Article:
Astute policy management
Raghuram Rajan started his term as the 23rd governor of the RBI (Reserve Bank of India) on September 5, 2013. He will be completing his three-year term this September. He decided not to undergo the renewal process.
His appointment was celebrated with much fanfare. Although industry leaders weren’t in agreement with all of his policy decisions, they were pleased with his astute policy management skills. Never afraid to speak his mind, Rajan brought the same attitude in his speeches and policy actions. As he leaves, he could be the last RBI governor to have decided on monetary policy. Going forward, India is going to have an MPC (Monetary Policy Committee) with one representative from the RBI, apart from RBI governor and deputy governor. Other members of the Committee will be outside members. Unlike in the past, policy decisions will be vote-driven rather than being directed only by the governor.
Interest rates and inflation
Rajan’s most visible achievement during his term as the RBI governor is reigning in inflation. When he started his term, retail inflation was in double-digits. He was brought in with the mandate of taming inflation and he did. His term saw two repo rate increases for a combined 50 basis points. This helped bring inflation down from 11.5% at its peak to 3.3% in November 2014. This was followed by five repo rate cuts (HDB) (IBN) totaling 150 basis points.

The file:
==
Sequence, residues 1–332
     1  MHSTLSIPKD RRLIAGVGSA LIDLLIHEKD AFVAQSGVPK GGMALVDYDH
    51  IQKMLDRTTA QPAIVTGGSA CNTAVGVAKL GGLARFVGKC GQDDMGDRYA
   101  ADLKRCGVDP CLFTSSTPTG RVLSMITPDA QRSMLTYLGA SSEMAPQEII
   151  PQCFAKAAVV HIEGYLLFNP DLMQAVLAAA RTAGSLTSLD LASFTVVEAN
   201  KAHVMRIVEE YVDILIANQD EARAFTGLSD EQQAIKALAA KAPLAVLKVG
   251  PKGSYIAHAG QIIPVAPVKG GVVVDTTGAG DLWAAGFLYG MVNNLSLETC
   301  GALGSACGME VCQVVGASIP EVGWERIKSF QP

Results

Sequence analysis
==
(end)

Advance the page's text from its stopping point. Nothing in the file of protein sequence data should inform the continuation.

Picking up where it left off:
His term saw the central bank formally introduce a target level for inflation and a modernization of the country’s monetary policy framework with a constitution of the MPC. Counting the benefits of the overhaul of policy framework, Raghuram Rajan said in his opening remarks in the August post-policy press conference, “Some of the collateral benefits over and above low inflation will be a currency that is not depreciating constantly, higher real returns earned by savers, and lower nominal interest rates, including inflation risk premia, paid by borrowers.”
Raghuram Rajan has achieved his main goal—curb inflation. His term wasn’t just about academic policy making, but adopting a practical stance and ensuring that policy priorities are met regardless of demands by the industry (RDY).